Would you say the new album is going to be a continuation of Stand Up and Fight, or are you guys trying to go in a different direction with it?
It’s kind of hard to say, but we’re always trying to do different thing. We’re not trying to sync up with our last album — it would be quite boring to work like that. I do think there will definitely be some new elements, but I of course don’t think we are going to do a disco album or anything like that [laughs]. It will be, in some ways, similar but will have new elements.
Are you self-taught on guitar, or did you have lessons whilst growing up?
I’ve been a self-learner. Our first keyboard player actually played guitar, so he kind of taught me some stuff when I was really young. As the band grew up, I learned more about guitar, and nowadays I know a bit more than when I began. I try to practice almost daily, but we are touring so much now, and I have so much work with the band, so I don’t usually have the time to practice everyday.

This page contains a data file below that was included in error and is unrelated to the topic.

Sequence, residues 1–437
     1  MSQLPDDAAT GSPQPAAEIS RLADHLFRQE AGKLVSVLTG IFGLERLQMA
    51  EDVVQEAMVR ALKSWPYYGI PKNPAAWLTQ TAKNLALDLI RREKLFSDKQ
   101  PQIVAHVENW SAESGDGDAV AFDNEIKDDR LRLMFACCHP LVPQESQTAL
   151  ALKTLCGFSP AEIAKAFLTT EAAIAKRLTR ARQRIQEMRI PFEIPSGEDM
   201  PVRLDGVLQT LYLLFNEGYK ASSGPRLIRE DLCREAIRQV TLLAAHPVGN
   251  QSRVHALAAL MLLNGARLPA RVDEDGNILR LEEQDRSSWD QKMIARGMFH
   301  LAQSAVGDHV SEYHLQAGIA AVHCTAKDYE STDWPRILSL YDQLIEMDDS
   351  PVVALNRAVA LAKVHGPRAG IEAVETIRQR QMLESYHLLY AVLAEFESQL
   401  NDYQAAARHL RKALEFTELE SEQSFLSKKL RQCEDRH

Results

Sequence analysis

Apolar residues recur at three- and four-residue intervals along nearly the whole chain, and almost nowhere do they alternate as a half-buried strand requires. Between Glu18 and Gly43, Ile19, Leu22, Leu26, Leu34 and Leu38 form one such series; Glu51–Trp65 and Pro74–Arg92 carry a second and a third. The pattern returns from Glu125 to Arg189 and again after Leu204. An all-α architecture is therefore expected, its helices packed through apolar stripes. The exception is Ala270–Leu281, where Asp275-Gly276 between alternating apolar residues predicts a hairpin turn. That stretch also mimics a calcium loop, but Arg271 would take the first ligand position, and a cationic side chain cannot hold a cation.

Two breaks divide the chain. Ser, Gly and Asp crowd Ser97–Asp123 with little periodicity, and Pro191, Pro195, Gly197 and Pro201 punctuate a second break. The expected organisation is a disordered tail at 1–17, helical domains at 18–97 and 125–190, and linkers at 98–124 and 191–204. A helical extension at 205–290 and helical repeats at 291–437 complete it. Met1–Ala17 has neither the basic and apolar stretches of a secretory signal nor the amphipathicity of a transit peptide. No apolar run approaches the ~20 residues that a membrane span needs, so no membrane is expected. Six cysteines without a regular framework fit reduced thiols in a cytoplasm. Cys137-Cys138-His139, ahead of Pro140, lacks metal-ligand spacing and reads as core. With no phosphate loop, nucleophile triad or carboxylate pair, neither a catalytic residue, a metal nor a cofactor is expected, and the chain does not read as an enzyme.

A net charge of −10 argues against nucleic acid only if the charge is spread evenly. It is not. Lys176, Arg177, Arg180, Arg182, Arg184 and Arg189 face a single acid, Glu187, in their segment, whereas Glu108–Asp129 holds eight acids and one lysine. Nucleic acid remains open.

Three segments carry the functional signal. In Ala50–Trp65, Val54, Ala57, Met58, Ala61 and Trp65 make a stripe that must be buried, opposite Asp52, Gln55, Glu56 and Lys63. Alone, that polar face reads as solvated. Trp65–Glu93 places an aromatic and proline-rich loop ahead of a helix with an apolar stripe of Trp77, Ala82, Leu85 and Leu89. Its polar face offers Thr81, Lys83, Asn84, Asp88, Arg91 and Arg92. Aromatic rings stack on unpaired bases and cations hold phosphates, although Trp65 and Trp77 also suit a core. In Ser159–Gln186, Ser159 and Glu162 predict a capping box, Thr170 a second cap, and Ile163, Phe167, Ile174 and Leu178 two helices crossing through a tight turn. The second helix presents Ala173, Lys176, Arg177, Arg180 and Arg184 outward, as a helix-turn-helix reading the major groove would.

Have you been in bands in the past, or is Turisas your first?
This is the only real band I’ve been in. We had this punk band when I was ten years old, but it wasn’t a real band. We did do a few shows though. I played drums in that band. It was quite funny.
With Turisas being the only “real” band you’ve been in, how does it feel to have watched yourselves grow into an international touring band?
It’s quite difficult to see by myself. I’ve been in this band so long that it kind of just feels natural. I feel really good about it and kind of proud to have had some success and be able to tour outside of Finland. It’s really good. Hopefully it doesn’t end here!